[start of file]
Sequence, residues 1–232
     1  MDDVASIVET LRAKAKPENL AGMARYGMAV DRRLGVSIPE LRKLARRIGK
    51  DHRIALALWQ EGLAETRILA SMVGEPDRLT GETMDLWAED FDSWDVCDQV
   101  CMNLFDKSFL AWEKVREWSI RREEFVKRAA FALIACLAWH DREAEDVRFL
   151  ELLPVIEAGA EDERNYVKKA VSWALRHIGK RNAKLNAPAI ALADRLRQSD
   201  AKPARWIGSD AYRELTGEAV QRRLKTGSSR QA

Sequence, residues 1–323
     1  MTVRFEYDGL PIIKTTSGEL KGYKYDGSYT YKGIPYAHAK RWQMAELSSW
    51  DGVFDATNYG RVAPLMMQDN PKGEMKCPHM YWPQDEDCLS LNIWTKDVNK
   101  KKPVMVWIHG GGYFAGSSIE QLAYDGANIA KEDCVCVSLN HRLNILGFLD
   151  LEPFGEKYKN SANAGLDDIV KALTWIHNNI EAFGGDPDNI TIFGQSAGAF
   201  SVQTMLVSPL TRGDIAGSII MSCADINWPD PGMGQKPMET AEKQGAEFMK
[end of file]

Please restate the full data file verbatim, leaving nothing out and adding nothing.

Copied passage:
Sequence, residues 1–232
     1  MDDVASIVET LRAKAKPENL AGMARYGMAV DRRLGVSIPE LRKLARRIGK
    51  DHRIALALWQ EGLAETRILA SMVGEPDRLT GETMDLWAED FDSWDVCDQV
   101  CMNLFDKSFL AWEKVREWSI RREEFVKRAA FALIACLAWH DREAEDVRFL
   151  ELLPVIEAGA EDERNYVKKA VSWALRHIGK RNAKLNAPAI ALADRLRQSD
   201  AKPARWIGSD AYRELTGEAV QRRLKTGSSR QA

Sequence, residues 1–323
     1  MTVRFEYDGL PIIKTTSGEL KGYKYDGSYT YKGIPYAHAK RWQMAELSSW
    51  DGVFDATNYG RVAPLMMQDN PKGEMKCPHM YWPQDEDCLS LNIWTKDVNK
   101  KKPVMVWIHG GGYFAGSSIE QLAYDGANIA KEDCVCVSLN HRLNILGFLD
   151  LEPFGEKYKN SANAGLDDIV KALTWIHNNI EAFGGDPDNI TIFGQSAGAF
   201  SVQTMLVSPL TRGDIAGSII MSCADINWPD PGMGQKPMET AEKQGAEFMK